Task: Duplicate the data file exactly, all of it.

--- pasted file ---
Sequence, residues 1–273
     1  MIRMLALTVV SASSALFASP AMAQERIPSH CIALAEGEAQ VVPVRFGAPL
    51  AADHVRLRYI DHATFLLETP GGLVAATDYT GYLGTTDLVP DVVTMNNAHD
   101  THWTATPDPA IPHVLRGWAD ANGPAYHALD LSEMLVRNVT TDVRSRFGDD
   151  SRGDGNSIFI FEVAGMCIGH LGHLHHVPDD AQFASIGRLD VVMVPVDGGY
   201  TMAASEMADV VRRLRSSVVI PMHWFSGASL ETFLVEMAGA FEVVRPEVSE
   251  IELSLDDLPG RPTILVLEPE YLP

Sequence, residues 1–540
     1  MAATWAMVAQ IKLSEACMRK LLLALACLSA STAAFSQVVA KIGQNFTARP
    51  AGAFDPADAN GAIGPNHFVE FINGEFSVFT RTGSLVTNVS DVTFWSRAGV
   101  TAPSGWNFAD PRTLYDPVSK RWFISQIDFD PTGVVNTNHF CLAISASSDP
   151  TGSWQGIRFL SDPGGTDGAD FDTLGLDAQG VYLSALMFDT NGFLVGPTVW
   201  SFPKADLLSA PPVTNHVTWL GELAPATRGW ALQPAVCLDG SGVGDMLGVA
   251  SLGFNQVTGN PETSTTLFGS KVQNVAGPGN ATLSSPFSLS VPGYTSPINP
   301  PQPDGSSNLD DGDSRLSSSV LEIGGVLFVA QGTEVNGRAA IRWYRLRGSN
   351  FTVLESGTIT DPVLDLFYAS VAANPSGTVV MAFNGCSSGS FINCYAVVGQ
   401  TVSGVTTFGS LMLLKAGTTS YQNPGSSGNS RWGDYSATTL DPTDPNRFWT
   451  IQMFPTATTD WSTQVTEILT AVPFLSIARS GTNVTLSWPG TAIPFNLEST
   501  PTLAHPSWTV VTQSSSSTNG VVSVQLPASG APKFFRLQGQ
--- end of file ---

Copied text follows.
Sequence, residues 1–273
     1  MIRMLALTVV SASSALFASP AMAQERIPSH CIALAEGEAQ VVPVRFGAPL
    51  AADHVRLRYI DHATFLLETP GGLVAATDYT GYLGTTDLVP DVVTMNNAHD
   101  THWTATPDPA IPHVLRGWAD ANGPAYHALD LSEMLVRNVT TDVRSRFGDD
   151  SRGDGNSIFI FEVAGMCIGH LGHLHHVPDD AQFASIGRLD VVMVPVDGGY
   201  TMAASEMADV VRRLRSSVVI PMHWFSGASL ETFLVEMAGA FEVVRPEVSE
   251  IELSLDDLPG RPTILVLEPE YLP

Sequence, residues 1–540
     1  MAATWAMVAQ IKLSEACMRK LLLALACLSA STAAFSQVVA KIGQNFTARP
    51  AGAFDPADAN GAIGPNHFVE FINGEFSVFT RTGSLVTNVS DVTFWSRAGV
   101  TAPSGWNFAD PRTLYDPVSK RWFISQIDFD PTGVVNTNHF CLAISASSDP
   151  TGSWQGIRFL SDPGGTDGAD FDTLGLDAQG VYLSALMFDT NGFLVGPTVW
   201  SFPKADLLSA PPVTNHVTWL GELAPATRGW ALQPAVCLDG SGVGDMLGVA
   251  SLGFNQVTGN PETSTTLFGS KVQNVAGPGN ATLSSPFSLS VPGYTSPINP
   301  PQPDGSSNLD DGDSRLSSSV LEIGGVLFVA QGTEVNGRAA IRWYRLRGSN
   351  FTVLESGTIT DPVLDLFYAS VAANPSGTVV MAFNGCSSGS FINCYAVVGQ
   401  TVSGVTTFGS LMLLKAGTTS YQNPGSSGNS RWGDYSATTL DPTDPNRFWT
   451  IQMFPTATTD WSTQVTEILT AVPFLSIARS GTNVTLSWPG TAIPFNLEST
   501  PTLAHPSWTV VTQSSSSTNG VVSVQLPASG APKFFRLQGQ